Several currencies are pegged to the euro, some of them with a fluctuation band and others with an exact rate. For example, the West African and Central African CFA francs are pegged exactly at 655.957 CFA to 1 EUR. In 1998, in anticipation of Economic and Monetary Union of the European Union, the Council of the European Union addressed the monetary agreements France had with the CFA Zone and Comoros and ruled that the ECB had no obligation towards the convertibility of the CFA and Comorian francs. The responsibility of the free convertibility remained in the French Treasury.
Kosovo and Montenegro officially adopted the euro as their sole currency without an agreement and, therefore, have no issuing rights. These states are not considered part of the eurozone by the ECB. However, sometimes the term eurozone is applied to all territories that have adopted the euro as their sole currency. Further unilateral adoption of the euro (euroisation), by both non-euro EU and non-EU members, is opposed by the ECB and EU.
The chart below provides a full summary of all applying exchange-rate regimes for EU members, since the European Monetary System with its Exchange Rate Mechanism and the related new common currency ECU was born on 13 March 1979. The euro replaced the ECU 1:1 at the exchange rate markets, on 1 January 1999. During 1979-1999, the D-Mark functioned as a de facto anchor for the ECU, meaning there was only a minor difference between pegging a currency against ECU and pegging it against the D-mark.
The eurozone was born with its first 11 member states on 1 January 1999. The first enlargement of the eurozone, to Greece, took place on 1 January 2001, one year before the euro had physically entered into circulation. The next enlargements were to states which joined the EU in 2004, and then joined the eurozone on 1 January in the year noted: Slovenia (2007), Cyprus (2008), Malta (2008), Slovakia (2009), Estonia (2011), Latvia (2014), and Lithuania (2015).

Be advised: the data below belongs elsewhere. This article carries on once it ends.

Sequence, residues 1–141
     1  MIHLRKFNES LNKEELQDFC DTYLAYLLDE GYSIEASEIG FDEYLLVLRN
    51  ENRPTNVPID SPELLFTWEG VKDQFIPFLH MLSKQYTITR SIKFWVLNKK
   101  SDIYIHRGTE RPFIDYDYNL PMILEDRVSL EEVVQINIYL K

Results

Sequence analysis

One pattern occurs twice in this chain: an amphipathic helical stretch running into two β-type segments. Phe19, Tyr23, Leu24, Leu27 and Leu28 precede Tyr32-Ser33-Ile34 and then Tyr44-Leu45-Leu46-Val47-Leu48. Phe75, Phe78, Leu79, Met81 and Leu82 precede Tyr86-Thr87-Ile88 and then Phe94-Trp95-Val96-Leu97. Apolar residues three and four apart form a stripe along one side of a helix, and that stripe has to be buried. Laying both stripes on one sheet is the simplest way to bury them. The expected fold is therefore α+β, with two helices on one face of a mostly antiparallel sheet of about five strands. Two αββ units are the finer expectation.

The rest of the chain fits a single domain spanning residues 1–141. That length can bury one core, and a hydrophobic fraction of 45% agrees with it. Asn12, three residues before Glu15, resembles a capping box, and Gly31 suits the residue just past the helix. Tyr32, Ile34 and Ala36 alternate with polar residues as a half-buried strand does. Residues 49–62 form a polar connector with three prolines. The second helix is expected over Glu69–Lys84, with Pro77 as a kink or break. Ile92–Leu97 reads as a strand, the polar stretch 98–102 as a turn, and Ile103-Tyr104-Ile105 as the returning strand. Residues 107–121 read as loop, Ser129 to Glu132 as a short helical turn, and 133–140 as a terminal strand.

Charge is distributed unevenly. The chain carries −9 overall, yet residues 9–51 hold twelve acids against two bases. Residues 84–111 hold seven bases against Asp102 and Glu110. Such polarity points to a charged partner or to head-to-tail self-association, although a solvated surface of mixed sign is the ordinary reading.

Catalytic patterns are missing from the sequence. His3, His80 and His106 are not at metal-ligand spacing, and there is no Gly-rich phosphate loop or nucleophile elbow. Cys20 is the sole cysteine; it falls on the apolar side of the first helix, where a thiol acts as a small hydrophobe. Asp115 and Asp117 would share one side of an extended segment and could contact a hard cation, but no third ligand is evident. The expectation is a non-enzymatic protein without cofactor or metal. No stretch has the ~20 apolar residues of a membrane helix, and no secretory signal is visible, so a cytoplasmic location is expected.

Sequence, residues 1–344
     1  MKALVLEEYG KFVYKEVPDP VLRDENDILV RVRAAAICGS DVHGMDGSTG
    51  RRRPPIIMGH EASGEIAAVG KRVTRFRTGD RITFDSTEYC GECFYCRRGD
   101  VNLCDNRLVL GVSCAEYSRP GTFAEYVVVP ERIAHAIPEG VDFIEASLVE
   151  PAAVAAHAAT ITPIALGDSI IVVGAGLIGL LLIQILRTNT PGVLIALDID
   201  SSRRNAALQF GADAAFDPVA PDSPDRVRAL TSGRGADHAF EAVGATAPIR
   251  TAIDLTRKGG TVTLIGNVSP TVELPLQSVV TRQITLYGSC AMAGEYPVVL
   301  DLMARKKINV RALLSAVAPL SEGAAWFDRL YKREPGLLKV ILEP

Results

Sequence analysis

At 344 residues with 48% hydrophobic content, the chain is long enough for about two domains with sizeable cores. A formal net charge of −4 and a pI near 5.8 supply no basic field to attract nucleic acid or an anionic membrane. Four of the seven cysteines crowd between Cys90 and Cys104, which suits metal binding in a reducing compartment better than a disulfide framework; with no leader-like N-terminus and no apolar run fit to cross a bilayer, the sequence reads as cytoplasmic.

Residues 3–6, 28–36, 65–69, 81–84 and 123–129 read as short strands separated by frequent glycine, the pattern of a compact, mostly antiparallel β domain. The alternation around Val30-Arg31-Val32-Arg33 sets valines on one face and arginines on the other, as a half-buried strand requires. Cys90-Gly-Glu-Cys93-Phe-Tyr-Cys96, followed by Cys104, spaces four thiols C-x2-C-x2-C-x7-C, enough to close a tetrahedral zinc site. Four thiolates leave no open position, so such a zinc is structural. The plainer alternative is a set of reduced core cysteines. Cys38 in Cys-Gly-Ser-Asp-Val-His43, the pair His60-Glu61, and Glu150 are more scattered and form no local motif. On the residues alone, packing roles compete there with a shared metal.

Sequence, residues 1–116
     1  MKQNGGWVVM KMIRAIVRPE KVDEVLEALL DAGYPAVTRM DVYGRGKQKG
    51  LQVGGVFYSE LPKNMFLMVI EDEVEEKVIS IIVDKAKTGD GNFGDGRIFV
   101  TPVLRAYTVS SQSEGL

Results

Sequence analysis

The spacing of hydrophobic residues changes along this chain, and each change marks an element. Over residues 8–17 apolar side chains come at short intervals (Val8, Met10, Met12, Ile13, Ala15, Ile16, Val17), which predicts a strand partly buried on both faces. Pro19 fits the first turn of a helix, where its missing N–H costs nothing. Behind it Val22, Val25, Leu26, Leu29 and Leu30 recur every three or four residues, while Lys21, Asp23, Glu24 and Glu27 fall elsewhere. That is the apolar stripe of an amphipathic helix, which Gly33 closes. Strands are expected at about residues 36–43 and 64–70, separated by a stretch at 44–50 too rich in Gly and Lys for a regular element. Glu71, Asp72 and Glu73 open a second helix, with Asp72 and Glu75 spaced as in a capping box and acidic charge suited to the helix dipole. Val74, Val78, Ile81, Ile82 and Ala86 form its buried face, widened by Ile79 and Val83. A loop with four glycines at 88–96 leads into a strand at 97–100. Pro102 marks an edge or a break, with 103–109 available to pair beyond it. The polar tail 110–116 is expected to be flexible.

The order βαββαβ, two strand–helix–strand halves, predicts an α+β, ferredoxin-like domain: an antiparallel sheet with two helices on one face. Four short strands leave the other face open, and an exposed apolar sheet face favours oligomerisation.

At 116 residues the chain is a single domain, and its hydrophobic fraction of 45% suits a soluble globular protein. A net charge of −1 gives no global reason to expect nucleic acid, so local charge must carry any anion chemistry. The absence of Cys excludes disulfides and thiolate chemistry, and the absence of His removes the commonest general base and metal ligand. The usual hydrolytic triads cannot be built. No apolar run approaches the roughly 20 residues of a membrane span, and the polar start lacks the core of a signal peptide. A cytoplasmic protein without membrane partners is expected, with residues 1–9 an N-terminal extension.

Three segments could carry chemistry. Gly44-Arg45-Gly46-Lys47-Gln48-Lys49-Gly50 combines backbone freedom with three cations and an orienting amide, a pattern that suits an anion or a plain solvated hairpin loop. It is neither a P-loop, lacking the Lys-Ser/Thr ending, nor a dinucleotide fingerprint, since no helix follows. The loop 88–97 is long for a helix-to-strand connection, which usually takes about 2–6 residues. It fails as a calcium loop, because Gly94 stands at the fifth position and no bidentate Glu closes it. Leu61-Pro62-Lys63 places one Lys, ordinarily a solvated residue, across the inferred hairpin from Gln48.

All new EU members joining the bloc after the signing of the Maastricht treaty in 1992 are obliged to adopt the euro under the terms of their accession treaties. However, the last of the five economic convergence criteria which need first to be complied with in order to qualify for euro adoption, is the exchange rate stability criterion, which requires having been an ERM-member for a minimum of two years without the presence of "severe tensions" for the currency exchange rate.
In September 2011, a diplomatic source close to the euro adoption preparation talks with the seven remaining new member states who had yet to adopt the euro (Bulgaria, Czech Republic, Hungary, Latvia, Lithuania, Poland and Romania), claimed that the monetary union (eurozone) they had thought they were going to join upon their signing of the accession treaty may very well end up being a very different union entailing much closer fiscal, economic and political convergence. This changed legal status of the eurozone could potentially cause them to conclude that the conditions for their promise to join were no longer valid, which "could force them to stage new referendums" on euro adoption.
Nine countries (Bulgaria, Croatia, Czech Republic, Denmark, Hungary, Poland, Romania, Sweden, and the United Kingdom) are EU members but do not use the euro. Before joining the eurozone, a state must spend two years in the European Exchange Rate Mechanism (ERM II). As of January 2017, only the National Central Bank (NCB) of Denmark participates in ERM II.